A Randomized Clinical Trial of Standard versus Expanded Cultures to Diagnose Urinary Tract Infections in Women

Hayley C. Barnes, B. Wolff, O. Abdul-Rahim, A. Harrington, E. E. Hilt, T. K. Price, T. Halverson, B. R. Hochstedler, T. Pham, M. Acevedo-Alvarez, C. Joyce, C. M. Fitzgerald, P. C. Schreckenberger, L. Brubaker, Alan J. Wolfe, Elizabeth R. Mueller

Research output: Contribution to journalArticlepeer-review

Abstract

PURPOSE: We compared urinary tract infection (UTI) symptom resolution rates at 7-10 days in symptomatic women randomized to treatment based on standard urine culture (SUC) versus expanded quantitative urine culture (EQUC) results. MATERIALS AND METHODS: Women ≥18 years old who responded "yes" to "do you feel you have a UTI?" agreed to urethral catheterization and followup. Symptoms were assessed using the validated UTI Symptom Assessment (UTISA) questionnaire. Culture method was randomized 2:1 (SUC:EQUC); antibiotics were prescribed to women with positive cultures. The primary outcome, UTI symptom resolution, was determined 7-10 days following enrollment on all participants regardless of treatment. RESULTS: Demographic data were similar between groups. Of the SUC and EQUC groups 63% and 74% had positive cultures (p=0.10), respectively. Of participants with positive cultures 97% received antibiotics. Primary outcome data were provided by 215 of 225 participants (SUC 143 [95%], EQUC 72 [97%]). At the primary outcome assessment, 64% and 69% in the SUC and EQUC groups, respectively, reported UTI symptom resolution (p=0.46); UTISA scores improved from baseline in the EQUC arm compared to the SUC arm (p=0.04). In the subset of women predominated by non-Escherichia coli (76), there was a trend toward more symptom resolution in the EQUC arm (21%, p=0.08). CONCLUSIONS: Symptom resolution was similar for the overall population (E. coli and non-E. coli) of women treated for UTI symptoms based on SUC or EQUC. Although the sample size limits conclusions regarding the utility of EQUC in women with non-E. coli uropathogens, the detected trend indicates that this understudied clinical subset warrants further study.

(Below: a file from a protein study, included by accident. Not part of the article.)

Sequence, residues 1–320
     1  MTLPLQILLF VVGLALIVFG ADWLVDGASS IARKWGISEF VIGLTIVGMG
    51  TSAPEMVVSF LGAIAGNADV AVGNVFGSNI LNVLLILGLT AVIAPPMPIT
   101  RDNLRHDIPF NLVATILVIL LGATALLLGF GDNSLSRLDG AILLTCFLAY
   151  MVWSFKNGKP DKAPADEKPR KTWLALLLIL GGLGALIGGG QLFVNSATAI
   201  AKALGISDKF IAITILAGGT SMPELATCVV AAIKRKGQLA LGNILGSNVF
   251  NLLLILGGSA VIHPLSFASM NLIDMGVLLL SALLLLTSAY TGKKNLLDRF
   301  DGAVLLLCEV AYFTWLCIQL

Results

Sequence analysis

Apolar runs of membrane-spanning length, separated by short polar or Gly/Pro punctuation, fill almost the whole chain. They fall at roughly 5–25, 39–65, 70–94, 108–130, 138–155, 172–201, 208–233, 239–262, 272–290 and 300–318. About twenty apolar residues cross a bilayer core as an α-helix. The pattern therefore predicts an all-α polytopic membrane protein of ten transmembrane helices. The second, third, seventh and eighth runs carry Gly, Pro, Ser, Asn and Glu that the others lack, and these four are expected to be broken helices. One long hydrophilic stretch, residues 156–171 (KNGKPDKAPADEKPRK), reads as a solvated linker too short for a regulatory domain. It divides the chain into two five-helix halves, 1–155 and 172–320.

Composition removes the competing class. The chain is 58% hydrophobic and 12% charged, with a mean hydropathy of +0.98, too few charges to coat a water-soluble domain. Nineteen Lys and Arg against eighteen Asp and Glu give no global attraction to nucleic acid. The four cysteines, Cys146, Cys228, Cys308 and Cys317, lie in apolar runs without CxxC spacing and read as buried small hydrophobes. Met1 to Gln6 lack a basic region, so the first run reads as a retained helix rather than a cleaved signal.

Original languageEnglish (US)
Pages (from-to)1212-1221
Number of pages10
JournalThe Journal of urology
Volume206
Issue number5
DOIs
StatePublished - Nov 1 2021

Keywords

  • anti-bacterial agents
  • enhanced urine cultures
  • microbiota
  • urinary tract infections

PubMed: MeSH publication types

  • Comparative Study
  • Journal Article
  • Randomized Controlled Trial
  • Research Support, N.I.H., Extramural

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